Is obesity all in the mind?

I’ve written before about the fact that many people in the area of obesity research have the opinion that obesity is simply the result of eating more calories than the body burns through metabolism and activity. My position, and that of a growing number of researchers, is that there’s more to obesity than calorie balance, and that body weight and fat mass is regulated by a complex system that involves an array of hormones and feedback mechanisms.

In recent months I’ve become interested in the potential role of a hormone by the name of leptin in obesity. I actually ‘got my brain round’ leptin by reader the blog of Dr Stephen Guyenet, who researches the ‘neurobiology of body fat regulation’. You can read his blog here.

Leptin’s main site of action appears to be the brain (hence the title of this post). Specifically, leptin acts on a part of the brain called the hypothalamus. It’s only the size of an almond, but the hypothalamus controls key bodily functions including hunger, thirst and sleep.

Leptin acts on the hypothalamus and does two main things:

• It speeds the metabolic rate

• It reduces hunger

Leptin sounds like a good thing to have around if we’re looking to maintain a healthy weight. Where can we get some? Leptin is actually secreted by fat cells (chemicals like leptin that originate in fat cells are termed ‘adipokines’). As we put on weight and fat, leptin levels generally rise. The action of leptin on the brain results in us eating less and gives a boost to our metabolism. These effects bring weight down again. As fats stores diminish, leptin levels come down and so we eat a bit more and burn a bit less.

Many researchers believe that leptin plays a key role in the regulation of the body’s weight and fat stores. Some have theorised that as long as leptin does its job properly, there’s no need to consciously control weight. Those individuals who eat what they like and maintain a steady weight probably have, among other things, a well-functioning leptin system.

But, and it is a big but, there is evidence that leptin doesn’t always do its job properly.

One reason for this can be inflammation in the hypothalamus. As a result, leptin doesn’t register so well here, and as a result the body is allowed to be ‘fatter’ than it would ordinarily be. Another reason why leptin may not do its job is because it can fail to get into the brain properly. The general circulation and brain as separated by a type of ‘filter’ known as the ‘blood-brain barrier’. Transport of leptin across the blood-brain barrier is inhibited by blood fats known as triglycerides. Triglycerides are formed in the liver and the major stimulus for their secretion is the consumption of carbohydrate. Eating carbs that cause spikes in blood sugar also stimulate inflammation.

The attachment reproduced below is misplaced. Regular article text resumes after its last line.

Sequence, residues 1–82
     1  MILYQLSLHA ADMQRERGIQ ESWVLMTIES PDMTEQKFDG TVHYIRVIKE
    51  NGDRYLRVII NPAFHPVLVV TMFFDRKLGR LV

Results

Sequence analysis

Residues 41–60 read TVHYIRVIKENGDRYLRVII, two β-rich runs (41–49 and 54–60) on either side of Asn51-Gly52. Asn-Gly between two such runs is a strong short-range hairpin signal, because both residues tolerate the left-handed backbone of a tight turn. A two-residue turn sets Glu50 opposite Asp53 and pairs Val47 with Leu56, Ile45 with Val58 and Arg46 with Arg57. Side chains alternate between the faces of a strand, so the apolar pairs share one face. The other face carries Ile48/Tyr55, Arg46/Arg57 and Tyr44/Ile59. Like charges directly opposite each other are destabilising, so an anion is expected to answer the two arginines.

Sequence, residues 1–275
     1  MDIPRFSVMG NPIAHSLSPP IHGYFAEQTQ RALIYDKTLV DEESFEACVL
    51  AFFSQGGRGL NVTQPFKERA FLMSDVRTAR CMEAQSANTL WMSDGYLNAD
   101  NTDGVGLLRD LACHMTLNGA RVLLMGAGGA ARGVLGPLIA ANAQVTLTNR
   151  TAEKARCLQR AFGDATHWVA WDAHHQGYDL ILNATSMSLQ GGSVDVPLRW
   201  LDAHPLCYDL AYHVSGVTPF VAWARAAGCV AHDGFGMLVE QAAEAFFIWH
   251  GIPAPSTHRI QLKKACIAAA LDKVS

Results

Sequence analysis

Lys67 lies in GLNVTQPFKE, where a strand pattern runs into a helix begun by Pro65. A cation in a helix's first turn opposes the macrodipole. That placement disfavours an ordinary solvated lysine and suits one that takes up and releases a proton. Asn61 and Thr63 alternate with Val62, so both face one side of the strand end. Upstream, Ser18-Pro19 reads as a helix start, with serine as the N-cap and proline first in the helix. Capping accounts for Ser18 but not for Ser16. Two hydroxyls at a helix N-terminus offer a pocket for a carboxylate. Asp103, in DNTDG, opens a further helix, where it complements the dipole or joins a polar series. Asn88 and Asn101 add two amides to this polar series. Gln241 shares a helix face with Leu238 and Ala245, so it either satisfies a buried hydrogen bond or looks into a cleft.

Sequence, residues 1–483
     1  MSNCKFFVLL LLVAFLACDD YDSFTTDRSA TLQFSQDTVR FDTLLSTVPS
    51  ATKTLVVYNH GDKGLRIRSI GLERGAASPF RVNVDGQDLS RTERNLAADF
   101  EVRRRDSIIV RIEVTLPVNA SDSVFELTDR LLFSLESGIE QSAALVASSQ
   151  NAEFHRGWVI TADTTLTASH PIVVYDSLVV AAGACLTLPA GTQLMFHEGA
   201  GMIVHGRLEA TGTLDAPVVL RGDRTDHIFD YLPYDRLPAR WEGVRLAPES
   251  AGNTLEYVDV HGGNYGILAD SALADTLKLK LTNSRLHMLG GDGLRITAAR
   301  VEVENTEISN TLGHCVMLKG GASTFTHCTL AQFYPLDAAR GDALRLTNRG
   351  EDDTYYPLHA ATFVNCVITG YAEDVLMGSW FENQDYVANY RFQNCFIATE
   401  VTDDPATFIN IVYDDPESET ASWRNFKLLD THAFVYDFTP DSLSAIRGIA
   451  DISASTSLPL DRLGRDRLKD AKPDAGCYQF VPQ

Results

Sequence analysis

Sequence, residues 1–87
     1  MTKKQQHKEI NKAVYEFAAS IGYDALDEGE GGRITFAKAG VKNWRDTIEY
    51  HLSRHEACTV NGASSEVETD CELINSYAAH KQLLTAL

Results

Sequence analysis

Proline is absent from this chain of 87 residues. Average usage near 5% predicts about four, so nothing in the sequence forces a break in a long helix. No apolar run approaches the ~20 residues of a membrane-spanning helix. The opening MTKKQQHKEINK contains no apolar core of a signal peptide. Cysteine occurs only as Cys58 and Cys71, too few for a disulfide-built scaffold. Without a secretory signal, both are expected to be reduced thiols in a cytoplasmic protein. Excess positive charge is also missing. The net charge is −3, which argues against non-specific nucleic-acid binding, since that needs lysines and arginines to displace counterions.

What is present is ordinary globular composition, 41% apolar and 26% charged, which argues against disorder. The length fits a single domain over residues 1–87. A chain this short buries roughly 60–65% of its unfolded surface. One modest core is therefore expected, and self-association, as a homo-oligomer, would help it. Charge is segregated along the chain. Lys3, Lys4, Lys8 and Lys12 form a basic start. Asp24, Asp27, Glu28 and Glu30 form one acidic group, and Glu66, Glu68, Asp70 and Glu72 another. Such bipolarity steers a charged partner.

Regular readers know that I am, generally, a fan of carbohydrate-controlled eating. Such diets can help to lower levels of insulin (the chief fat storage hormone) and tend to sate the appetite more effectively than diet low in fat and consciously restricted in calories. It seems another way these diets might help individuals lose weight is by allowing leptin to do its job.

9 Responses to Is obesity all in the mind?

  1. Stephan 10 March 2011 at 9:56 pm #

    Hi Dr. Briffa,

    Thanks for the mention. Glad you found my posts useful. I added your blog to my blog roll, which I’ve been meaning to do for a while.

  2. Steve 11 March 2011 at 11:00 am #

    Can you comment on the fat set point theory as it relates to Leptin and other hormones? Specifically.. Do you believe the brain settles at a certain fat/obesity composition levels, or do you believe it is a continuum that is constantly responding to hormonal signals from the body? And how much do you believe obesity is regulated by interaction between hormones and cells in the body itself, vs the brain as a sort of central control point?

  3. Barry 11 March 2011 at 11:41 am #

    Hi Dr Briffa,

    But don’t carbs trigger leptin release ? Therefore, lowcarb = low leptin ?

  4. Chris 11 March 2011 at 2:24 pm #

    What are your thoughts on Irvingia gabonensis and it’s reported effects on leptin?

  5. Beryl 11 March 2011 at 5:24 pm #